Five-minute feature: How to set up a business
FOR many people, starting up a new business presents a daunting challenge. Here, reporter Robin Jenkins looks at the issues and the help available.
WITH good jobs being hard to come by and competition for them being fierce, some people are opting to work for themselves.
Hannah Mansfield and James Howell both graduated from university with first class degrees then could not find suitable jobs in their chosen fields of psychology and accounting.
So they decided to do something totally different and, in November, opened their own smoothie shop, Applebar.
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Hannah said business at their shop in Winchcombe Street, Cheltenham, was going well, but that they had found it hard to get the help when they first set out.
The 22-year-old said: "We relied a lot on savings and contributions from our families. I'm aware that there are certain grants available, but we weren't really eligible for them.
"I think there's a lot of support out there, but it's hard to be eligible for it.
"A lot of people will be in a position like ours."
The kind of problems they encountered might partly explain a fall in the number of business start-ups in Gloucestershire during the second half of last year.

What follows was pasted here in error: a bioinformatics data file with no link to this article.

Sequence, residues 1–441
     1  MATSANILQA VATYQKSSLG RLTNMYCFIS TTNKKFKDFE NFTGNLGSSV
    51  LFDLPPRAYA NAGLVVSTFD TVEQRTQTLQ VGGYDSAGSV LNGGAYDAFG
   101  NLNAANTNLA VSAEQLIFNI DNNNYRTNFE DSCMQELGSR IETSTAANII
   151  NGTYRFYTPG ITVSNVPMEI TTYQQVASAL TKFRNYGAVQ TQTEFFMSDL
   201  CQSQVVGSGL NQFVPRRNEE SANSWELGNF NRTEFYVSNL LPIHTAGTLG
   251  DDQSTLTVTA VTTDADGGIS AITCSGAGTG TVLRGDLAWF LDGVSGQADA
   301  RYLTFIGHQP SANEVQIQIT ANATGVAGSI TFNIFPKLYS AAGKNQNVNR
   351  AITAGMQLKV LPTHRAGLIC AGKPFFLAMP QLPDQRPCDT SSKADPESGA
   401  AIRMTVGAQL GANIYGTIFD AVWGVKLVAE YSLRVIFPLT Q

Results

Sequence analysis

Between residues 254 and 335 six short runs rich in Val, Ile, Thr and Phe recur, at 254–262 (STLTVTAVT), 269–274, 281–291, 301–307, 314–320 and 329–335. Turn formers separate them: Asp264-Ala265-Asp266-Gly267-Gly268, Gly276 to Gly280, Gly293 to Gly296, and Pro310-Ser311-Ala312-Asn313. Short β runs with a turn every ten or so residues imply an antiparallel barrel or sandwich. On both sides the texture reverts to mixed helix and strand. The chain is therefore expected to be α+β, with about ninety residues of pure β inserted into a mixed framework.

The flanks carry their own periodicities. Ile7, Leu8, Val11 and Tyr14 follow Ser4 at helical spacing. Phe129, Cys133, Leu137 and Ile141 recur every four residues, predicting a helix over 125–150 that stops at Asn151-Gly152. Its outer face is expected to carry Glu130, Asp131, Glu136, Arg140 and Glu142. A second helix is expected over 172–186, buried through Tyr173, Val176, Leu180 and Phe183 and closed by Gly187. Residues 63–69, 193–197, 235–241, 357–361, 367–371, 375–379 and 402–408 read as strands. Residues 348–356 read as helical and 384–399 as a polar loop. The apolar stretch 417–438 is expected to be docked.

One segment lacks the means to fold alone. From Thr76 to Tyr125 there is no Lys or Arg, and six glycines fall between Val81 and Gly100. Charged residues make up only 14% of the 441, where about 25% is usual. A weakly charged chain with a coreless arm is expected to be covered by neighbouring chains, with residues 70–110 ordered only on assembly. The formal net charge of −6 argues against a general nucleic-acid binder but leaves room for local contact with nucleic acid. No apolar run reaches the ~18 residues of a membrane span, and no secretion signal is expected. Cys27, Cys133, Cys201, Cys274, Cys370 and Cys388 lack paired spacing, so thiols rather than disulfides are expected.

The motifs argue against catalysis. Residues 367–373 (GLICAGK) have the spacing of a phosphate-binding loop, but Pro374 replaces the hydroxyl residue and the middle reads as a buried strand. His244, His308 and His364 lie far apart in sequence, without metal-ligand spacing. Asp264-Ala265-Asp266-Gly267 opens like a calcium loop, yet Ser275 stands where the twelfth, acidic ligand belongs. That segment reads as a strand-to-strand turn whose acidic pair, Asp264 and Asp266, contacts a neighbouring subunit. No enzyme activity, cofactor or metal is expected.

County council figures showed the number dropped from 434 in August to 290 in December. But those trying to encourage business growth in the county insisted there was plenty of support.
Gloucestershire First (GFirst) is a countywide economic partnership and the driving force behind the recently-formed Gloucestershire Local Enterprise Partnership (LEP).
Chris Dee, GFirst's marketing and tourism manager, said: "In general, we would encourage business start-ups to stay close to the Gloucestershire LEP for two main reasons.
"Firstly, it keeps businesses up to date on any new initiatives or sources of funding. Secondly, we provide networking opportunities that can be a lifeline for those starting a business, in terms of meeting people and picking up new ideas and leads."
He recommended people go to www.gloslep.co.uk/business-support.aspx for a list of sources of business advice and to www.gloslep.co.uk/business-support/start-up for a dedicated section on start-ups, giving a check list of initiatives and contacts.
Among those determined to start on their own despite a difficult economy are Vanessa and Scott Mason, who want to transform their home in Bishop's Cleeve into Home Farm Day Nursery.
Grants for small businesses are often available from the district councils in Cheltenham, Tewkesbury and the Cotswolds. Sue Lambert, chairman of the Federation of Small Businesses in Tewkesbury, said the borough council offered an impressive package of help.
She said: "There's a lot of information there to get people started."